Libya rebel leaders say they're in charge. Not so fast, say some in Tripoli.

Western rebels say they won't accept a government run by the National Transitional Council's chairman, who is from the east and has yet to be seen in Tripoli since rebels seized the capital.

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    Libyans celebrate the liberation of their district of Qasr Bin Ghashir in Tripoli, LIbya, Saturday, Aug. 27. Libyan rebels claimed victory over a suburb near Tripoli's airport Saturday after an overnight battle as the opposition moves to solidify its hold on the capital while fighting Muammar Qaddafi loyalists in other parts of the country.
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As rebel fighters held back the sparse traffic, a Russian-made jet landed on an improvised airstrip on the Nalut to Jadu road in Libya’s western mountains.

It was Aug. 22, and fighting was still raging between rebels and supporters of strongman Muammar Qaddafi in Tripoli. But several members of the National Transitional Council, based in the eastern city of Benghazi, had arrived at the makeshift airstrip to make the two-hour drive to Tripoli and establish the NTC as Libya's sovereign power.

Among them was Faraj Sayeh Eltayef, a Tripoli native and minister in the NTC’s executive council, who announced on Saturday that a democratic transition is already well under way.

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“We’ve established task forces for every sector in Tripoli: water, electricity, security, preserving the infrastructure,” said Mr. Eltayef, who is in charge of preparing the country for a democratic transition. “In eight months' time we will hold elections for a national council, which will select a new government. At the same time, 15 individuals will be appointed to write a new constitution."

But while the rebels successfully came together to expel Mr. Qaddafi from Tripoli after 42 years of dictatorship, their ability to maintain that unity and lead a successful transition to democracy is already coming into question.

If an interim government fails to take firm control very soon, Libya could face a power vacuum in which disparate armed groups fight for control of the oil-rich country.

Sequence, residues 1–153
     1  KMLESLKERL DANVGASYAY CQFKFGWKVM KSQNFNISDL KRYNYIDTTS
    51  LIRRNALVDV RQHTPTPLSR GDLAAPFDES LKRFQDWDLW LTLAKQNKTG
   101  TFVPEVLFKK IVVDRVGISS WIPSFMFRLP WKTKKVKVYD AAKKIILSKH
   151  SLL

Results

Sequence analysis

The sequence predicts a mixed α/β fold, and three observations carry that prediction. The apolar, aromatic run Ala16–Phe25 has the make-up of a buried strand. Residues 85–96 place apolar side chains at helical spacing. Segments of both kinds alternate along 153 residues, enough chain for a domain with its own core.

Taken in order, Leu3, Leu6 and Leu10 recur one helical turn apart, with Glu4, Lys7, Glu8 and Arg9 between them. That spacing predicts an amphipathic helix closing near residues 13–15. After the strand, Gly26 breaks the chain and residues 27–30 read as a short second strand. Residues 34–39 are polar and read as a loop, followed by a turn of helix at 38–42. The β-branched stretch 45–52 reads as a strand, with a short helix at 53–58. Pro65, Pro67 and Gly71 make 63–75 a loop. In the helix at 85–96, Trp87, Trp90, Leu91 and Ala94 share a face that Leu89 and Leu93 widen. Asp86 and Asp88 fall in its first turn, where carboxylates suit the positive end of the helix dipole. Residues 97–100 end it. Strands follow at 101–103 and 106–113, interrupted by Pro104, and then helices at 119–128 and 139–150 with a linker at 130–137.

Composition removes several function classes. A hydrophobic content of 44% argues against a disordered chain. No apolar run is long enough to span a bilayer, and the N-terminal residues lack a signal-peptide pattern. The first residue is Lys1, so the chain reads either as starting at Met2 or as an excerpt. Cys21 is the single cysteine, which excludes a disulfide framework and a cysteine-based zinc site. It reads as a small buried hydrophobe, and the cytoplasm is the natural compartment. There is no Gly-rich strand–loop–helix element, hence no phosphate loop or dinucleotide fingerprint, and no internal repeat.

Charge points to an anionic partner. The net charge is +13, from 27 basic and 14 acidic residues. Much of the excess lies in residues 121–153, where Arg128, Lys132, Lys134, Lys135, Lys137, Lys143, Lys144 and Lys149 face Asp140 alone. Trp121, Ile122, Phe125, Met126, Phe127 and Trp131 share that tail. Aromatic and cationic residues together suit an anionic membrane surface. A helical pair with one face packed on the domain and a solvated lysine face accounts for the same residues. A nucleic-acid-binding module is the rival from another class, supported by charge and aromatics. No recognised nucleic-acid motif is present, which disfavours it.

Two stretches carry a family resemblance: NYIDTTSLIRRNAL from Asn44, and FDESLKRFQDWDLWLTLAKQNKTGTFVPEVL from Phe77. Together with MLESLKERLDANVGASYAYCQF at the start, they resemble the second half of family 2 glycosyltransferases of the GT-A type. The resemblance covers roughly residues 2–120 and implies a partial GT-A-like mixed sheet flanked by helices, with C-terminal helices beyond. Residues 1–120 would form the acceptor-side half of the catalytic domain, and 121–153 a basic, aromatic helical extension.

East-west tensions

One of the key problems is a division between the eastern rebels, based in Benghazi, and the western rebels who led the assault on Tripoli that broke Qaddafi's hold on the country.

Benghazi and Tripoli have long been regional rivals, and were played against each other by Qaddafi. Even if the NTC were to appoint a temporary government tomorrow, some in Tripoli say they won’t accept ministers chosen by the Benghazi leaders.

“We think the government should be formed by someone from Tripoli, or at least from the western part of the country," says Mohammed Omeish, the coordinator for the Coalition of February 17, an umbrella organization for opposition groups in the capital. "It would be a good way for the NTC to show that it is serious about national unity and that it is not Benghazi that’s running the show.”

A list of 40 NTC members, which has not been circulated previously for security reasons, shows at least five members from Tripoli, along with five from Benghazi. But some of those who represent Tripoli have lived abroad for decades, which may not be received well by Tripoli residents.

NTC chairman Mustafa Abdel Jalil said in a recent press conference that the current council, which includes 42 members, would grow to 80 members once all areas of Libya come under opposition control. Qaddafi forces still control some areas of Libya, including the cities of of Sirte and Sabha.

According to Mr. Omeish, “the people of Tripoli will not accept a government formed by Jibril,” who is from the east.

NTC waiting to name a temporary government

NTC officials in Benghazi, however, don’t appear to feel pressure to consolidate leadership in Tripoli to avoid a rift. Mr. Abdel Jalil has not announced plans to move from Benghazi to Tripoli, and the NTC will not name a temporary government until "total liberation," which will come with Qaddafi's capture, says NTC deputy chair Abdel Hafidh Ghoga.